In a thread sometime ago I asked for input about the sometimes confusing jargon used to describe shaving brush attributes (in fact I subsequently took my user name from the discussion). Lately I've seen a number of posts querying this brush language. I thought it might be helpful to revisit the topic in a new thread. I'll lay it out as I see it and if anyone wants to add their input please feel welcome. This is my take. Others may (emphatically) beg to differ. Hope it helps.
Scritch: As per the Wiki glossary — a hybrid word of scratchy & itchy. I would toss “prickly” into the mix too (although I expect “scratchy” was in fact meant to include prickly). Is scritch a positive or negative characteristic though? I guess it depends on who’s perceiving the scritch and how much scritch there is. Personally, I don’t love it. Most examples of Simpson’s Best hair have some scritch. A few — the B&B LE/Simpson Eagle G3 in Best comes to mind — are virtually scritchless, similar to Simpson’s Super grade. Shavemac’s Finest has some scritch — although I think less than Simpson’s Best. Thater has no scritch. The original Rooney Heritage hair had no scritch.
Scrub: Distinct from scritch, scrub is a sense of friction from the brush hair as it is worked on the skin but is not connected to scritch. In other words a brush may be scrubby with or without feeling scratchy, itchy or prickly in any way (e.g. above-mentioned Eagle G3 in Best or Chubby in 3-band super). Conversely a brush may be scritchy without being scrubby — a Shavemac 22709 Finest comes to mind. Some knots, like the Thater 3-band, have neither scritch nor scrub. With a Thater, IMO, the feeling of the hairs working across the face is virtually imperceptible; the feel is indistinct from simply being able to feel that the knot is making contact with your face. Some people describe scrub as the brush exfoliating the skin.
Softness: Two kinds — soft tips and soft knot. The softness of the hair tips is inversely proportional to the amount of scritch present in the tips. Very scritchy and very soft tips don’t coexist. However, scrubby and soft tips may very well coexist. Softness of the overall knot describes how much flex there is in the knot when pressure is applied. An extremely soft knot may need very little pressure to flex or even collapse; this kind of knot may be referred to as floppy. Knot softness and scritchiness (of the hair tips) may coexist.
Density: Density refers to the volume of hair present in the knot. The more hair there is, the denser the knot. Denser knots tend to be more expensive than less dense knots. If two brushes by the same manufacturer have the same grade of hair, knot dimensions and insignificantly different quality handles; and one is much more expensive than the other, often the cheaper brush is less densely filled with badger hair. A densely filled brush may — but not always — have more backbone than a less densely filled brush. A notable example of less densely filled brushes with superior backbone are many 2-bands (the distinct qualities of 2-band versus 3-band knots is beyond the scope of this post but there are numerous other threads on the subject).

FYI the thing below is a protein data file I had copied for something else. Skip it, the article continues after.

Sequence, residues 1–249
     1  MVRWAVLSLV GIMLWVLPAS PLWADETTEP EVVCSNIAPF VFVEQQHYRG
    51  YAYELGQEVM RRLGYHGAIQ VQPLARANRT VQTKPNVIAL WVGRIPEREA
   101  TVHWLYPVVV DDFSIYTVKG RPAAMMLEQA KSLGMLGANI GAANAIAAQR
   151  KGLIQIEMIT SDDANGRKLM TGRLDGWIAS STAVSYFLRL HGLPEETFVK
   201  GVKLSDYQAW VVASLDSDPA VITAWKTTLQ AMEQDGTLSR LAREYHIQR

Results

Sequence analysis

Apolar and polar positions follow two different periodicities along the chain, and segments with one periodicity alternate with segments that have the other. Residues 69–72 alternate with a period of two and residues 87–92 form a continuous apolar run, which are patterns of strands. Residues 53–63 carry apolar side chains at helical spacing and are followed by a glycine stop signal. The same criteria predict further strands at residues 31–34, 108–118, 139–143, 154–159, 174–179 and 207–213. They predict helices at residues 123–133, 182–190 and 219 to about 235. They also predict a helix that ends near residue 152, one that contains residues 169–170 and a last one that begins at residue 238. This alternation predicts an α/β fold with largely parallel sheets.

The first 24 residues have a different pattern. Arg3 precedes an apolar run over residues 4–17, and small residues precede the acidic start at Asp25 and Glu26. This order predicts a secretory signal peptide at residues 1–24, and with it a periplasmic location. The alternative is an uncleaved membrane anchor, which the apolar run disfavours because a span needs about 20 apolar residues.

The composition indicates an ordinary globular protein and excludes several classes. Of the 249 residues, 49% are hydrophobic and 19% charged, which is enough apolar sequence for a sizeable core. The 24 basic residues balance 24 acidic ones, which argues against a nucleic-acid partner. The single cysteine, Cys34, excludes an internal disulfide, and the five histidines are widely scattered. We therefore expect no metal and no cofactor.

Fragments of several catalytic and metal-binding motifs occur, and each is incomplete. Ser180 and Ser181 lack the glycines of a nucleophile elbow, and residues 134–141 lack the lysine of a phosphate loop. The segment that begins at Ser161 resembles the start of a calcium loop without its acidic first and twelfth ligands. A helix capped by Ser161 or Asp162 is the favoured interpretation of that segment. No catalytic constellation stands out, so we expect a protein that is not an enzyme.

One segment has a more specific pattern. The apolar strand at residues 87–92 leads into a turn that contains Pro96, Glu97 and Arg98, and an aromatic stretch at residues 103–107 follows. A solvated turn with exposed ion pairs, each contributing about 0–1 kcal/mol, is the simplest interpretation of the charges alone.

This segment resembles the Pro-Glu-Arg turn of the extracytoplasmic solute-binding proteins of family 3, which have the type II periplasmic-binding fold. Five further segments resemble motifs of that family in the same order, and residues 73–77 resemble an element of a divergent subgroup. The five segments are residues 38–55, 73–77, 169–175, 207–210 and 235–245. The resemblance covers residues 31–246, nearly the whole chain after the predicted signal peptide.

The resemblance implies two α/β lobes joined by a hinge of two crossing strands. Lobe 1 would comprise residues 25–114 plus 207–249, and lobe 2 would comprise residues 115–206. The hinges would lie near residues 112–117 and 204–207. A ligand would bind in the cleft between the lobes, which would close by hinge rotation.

Backbone: Backbone refers to the stiffness or lack of flex of the knot under pressure. The amount of backbone a brush has is inversely proportional to how floppy a brush is. As mentioned above, backbone tends to increase with greater density — but not always. Greater backbone equates with greater scrubbiness.
Flow-through: Flow-through refers to how easily the lather within a brush is released onto the face. It is distinct from a brush’s ability to whip up a good lather in the first place. When a brush is described as being a lather-hog, it means it has below average flow-through. Flow-through is affected by the interplay of several of a brush’s attributes; the grade of hair, density of the fill, diameter and loft of the knot contribute to a brush’s flow-through. Shavemac and Thater 2-bands, Savile Rows, and many Simpsons are known for their superior flow-through. But flow-through is not always superior in some of the most revered brushes such as the Simpson Chubbys or denser Rooneys. Those brushes are valued for other superior qualities. Some will argue that all brushes can have great flow-through as long as they are loaded with enough soap or cream. I don’t subscribe to this theory personally but there may be some truth to it.
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